FDA Asks Court to Delay Full Release of Documents on Pfizer COVID Biologic for 55 Years

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In response to a Freedom of Information Act (FOIA) lawsuit filed on Sept. 16, 2021 against the U.S. Food and Drug Administration (FDA) by a medical transparency group of more than 30 physicians, professors and scientists from various universities in the United States, the FDA has asked a federal judge to delay the full release of all documents in the agency’s possession related to its Aug. 3, 2021 licensing of the “Pfizer-BioNTech COVID-19 Vaccine” (also known as BNT162b2) until the year 2076.1 2 3 4

The lawsuit, filed in U.S. District Court for the Northern District of Texas by the nonprofit Public Health and Medical Professionals for Transparency (PHMPT), was prompted after the FDA denied a request by the PHMPT to expedite the release of the documents. The FDA and the PHMPT were unable to agree on a disclosure schedule.1 2 3 5

Attorneys for the U.S. Department of Justice (DOJ) representing the FDA propose that the FDA be allowed to release 500 pages per month on a “rolling basis.”2 3 DOJ attorneys wrote:

By processing and making interim responses based on 500-page increments, FDA will be able to provide more pages to more requesters, thus avoiding a system where a few large requests monopolize finite processing resources and where fewer requesters’ requests are being fulfilled.2

But attorney Aaron Siri, whose firm, Siri & Glimstad LLP of New York, is representing PHMPT in the lawsuit, notes:

It took the FDA precisely 108 days from when Pfizer started producing the records for licensure to when the FDA licensed the Pfizer vaccine. Taking the FDA at its word, it conducted an intense, robust, thorough, and complete review and analysis of those documents in order to assure that the Pfizer vaccine was safe and effective for licensure. While it can conduct that intense review of Pfizer’s documents in 108 days, it now asks for over 20,000 days to make these documents available to the public.3

FOIA Requests Require Fast Turnaround

The FOIA law, passed in 1967, requires agencies of the federal government to respond to FOIA requests within 20 business days unless there are “unusual circumstances.”2 6 Such circumstances include one or more of the following situations:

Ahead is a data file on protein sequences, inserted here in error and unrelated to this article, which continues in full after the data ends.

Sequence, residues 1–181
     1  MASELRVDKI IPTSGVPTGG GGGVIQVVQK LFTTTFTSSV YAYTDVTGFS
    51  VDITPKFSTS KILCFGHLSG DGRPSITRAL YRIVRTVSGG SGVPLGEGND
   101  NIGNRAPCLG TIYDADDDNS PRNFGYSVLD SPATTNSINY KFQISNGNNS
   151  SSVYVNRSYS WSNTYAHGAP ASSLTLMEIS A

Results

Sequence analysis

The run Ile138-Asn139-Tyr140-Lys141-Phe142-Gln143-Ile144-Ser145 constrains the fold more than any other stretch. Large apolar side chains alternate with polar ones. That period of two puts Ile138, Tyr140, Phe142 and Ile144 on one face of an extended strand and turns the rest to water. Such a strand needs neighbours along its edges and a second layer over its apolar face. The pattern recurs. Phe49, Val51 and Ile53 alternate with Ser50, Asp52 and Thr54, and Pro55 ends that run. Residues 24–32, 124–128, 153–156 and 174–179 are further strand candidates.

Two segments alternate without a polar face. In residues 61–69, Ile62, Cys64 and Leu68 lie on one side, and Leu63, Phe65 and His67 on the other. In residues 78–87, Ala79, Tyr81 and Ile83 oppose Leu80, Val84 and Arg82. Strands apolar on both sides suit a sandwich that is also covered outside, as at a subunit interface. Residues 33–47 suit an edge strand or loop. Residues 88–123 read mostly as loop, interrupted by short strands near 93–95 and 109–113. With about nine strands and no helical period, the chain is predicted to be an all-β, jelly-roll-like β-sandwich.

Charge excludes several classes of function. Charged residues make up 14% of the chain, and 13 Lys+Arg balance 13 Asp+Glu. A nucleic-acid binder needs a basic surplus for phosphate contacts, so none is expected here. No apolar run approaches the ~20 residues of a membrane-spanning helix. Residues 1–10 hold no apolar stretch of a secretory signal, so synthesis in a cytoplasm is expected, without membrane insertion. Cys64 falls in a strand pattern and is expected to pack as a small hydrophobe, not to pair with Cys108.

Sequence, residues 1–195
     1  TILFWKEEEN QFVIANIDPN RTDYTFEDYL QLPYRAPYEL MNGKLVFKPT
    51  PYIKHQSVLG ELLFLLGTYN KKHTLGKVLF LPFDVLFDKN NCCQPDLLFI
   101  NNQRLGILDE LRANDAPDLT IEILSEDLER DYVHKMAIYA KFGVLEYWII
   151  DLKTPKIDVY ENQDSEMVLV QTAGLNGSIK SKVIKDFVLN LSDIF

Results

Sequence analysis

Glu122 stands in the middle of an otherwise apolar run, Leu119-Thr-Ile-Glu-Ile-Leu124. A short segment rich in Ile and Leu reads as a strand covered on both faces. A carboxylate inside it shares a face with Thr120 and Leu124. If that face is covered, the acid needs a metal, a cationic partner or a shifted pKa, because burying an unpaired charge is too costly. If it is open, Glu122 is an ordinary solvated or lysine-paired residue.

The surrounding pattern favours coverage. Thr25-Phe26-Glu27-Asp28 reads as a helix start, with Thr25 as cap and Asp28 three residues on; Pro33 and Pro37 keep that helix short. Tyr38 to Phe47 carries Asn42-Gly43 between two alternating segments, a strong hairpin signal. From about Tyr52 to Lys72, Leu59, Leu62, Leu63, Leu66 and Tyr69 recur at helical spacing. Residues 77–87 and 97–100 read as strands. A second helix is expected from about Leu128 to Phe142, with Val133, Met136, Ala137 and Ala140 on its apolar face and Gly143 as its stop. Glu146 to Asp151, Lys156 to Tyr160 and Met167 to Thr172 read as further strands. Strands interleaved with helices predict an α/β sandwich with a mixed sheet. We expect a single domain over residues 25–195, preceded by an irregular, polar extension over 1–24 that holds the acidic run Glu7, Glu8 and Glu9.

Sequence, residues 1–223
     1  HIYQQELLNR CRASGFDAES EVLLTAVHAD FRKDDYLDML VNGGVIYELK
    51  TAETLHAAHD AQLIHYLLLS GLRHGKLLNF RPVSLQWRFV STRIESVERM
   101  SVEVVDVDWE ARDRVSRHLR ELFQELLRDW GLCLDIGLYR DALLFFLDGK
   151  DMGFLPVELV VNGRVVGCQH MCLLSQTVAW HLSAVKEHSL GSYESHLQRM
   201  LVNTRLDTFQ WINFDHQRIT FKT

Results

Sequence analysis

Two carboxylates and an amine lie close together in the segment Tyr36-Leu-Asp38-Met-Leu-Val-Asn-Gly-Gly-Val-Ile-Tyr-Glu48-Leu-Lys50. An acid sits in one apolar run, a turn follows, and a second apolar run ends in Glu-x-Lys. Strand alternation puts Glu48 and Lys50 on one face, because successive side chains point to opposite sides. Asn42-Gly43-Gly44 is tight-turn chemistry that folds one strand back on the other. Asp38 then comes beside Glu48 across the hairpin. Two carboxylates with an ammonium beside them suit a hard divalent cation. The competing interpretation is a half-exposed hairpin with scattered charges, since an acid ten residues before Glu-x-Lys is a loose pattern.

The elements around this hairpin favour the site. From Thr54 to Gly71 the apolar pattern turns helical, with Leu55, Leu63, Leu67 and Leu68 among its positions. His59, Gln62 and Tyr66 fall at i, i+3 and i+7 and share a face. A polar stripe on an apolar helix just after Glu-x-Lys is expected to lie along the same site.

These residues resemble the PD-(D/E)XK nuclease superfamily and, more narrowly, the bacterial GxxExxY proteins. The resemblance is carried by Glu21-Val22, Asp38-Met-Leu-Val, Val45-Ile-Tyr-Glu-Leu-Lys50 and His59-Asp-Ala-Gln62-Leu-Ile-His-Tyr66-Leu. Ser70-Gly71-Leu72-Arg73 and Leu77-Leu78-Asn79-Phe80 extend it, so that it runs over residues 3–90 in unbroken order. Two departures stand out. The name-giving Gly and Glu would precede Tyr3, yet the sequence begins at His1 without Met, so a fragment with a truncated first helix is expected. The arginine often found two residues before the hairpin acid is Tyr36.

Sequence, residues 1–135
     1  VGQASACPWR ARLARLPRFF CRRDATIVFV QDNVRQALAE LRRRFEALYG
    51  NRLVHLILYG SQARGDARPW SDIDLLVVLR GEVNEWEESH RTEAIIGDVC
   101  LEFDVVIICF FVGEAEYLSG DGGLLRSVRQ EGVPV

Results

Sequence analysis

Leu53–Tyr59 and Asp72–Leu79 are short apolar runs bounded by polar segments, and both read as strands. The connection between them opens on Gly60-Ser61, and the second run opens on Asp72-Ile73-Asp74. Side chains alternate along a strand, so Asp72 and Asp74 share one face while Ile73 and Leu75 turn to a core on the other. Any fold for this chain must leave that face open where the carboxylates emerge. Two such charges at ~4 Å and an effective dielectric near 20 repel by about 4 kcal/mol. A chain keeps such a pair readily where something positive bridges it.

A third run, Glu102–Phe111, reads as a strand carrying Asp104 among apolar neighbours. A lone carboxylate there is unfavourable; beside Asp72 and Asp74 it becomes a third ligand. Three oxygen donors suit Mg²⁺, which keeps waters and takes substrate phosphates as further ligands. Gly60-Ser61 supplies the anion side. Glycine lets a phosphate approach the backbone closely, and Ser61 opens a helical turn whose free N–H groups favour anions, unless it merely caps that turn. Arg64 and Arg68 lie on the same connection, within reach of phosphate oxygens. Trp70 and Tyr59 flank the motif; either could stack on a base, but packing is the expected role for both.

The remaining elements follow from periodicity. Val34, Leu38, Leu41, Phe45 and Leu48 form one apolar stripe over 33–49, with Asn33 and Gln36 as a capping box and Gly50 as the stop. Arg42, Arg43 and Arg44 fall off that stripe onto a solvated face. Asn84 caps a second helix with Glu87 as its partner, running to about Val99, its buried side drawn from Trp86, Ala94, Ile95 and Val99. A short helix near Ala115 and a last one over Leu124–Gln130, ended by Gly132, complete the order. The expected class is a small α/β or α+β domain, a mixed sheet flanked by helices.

• the component needs to search for and collect responsive records from a field office or other entity separate from the office processing the request;
    • the request involves a “voluminous” amount of records that must be located, compiled, and reviewed; or
    • the component needs to consult with another federal agency or two or more Department of Justice components that have a substantial interest in the responsive information.6

DOJ attorneys contend that the PHMPT is seeking approximately 329,000 pages of documents related to the “Pfizer-BioNTech COVID-19 Vaccine” and that the FDA cannot release the information without first reviewing it to redact “confidential business and trade secret information of Pfizer or BioNTech and personal privacy information of patients who participated in clinical trials.”2

But plaintiff attorneys Siri and John Howie of Howie Law, PC of Dallas, Texas argue:

The entire purpose of the FOIA is to assure government transparency. It is difficult to imagine a greater need for transparency than immediate disclosure of the documents relied upon by the FDA to license a product that is now being mandated to over 100 million Americans under penalty of losing their careers, their income, their military service status, and far worse.2

Transparency on the Pfizer COVID Biologic is Important

Given the importance of this issue and what is at stake for so many Americans, Siri and Howie point out that the FDA “should have been preparing to release (data on the “Pfizer-BioNTech COVID-19 Vaccine”) simultaneously with the licensure [of the biologic]. Instead, it has done the opposite.” They add that the FDA itself has said that there is “nothing more important than the licensure of this vaccine and being transparent about this vaccine.”2

“Reviewing this information will settle the ongoing public debate regarding the adequacy of the FDA’s review process,” Siri and Howie said.2

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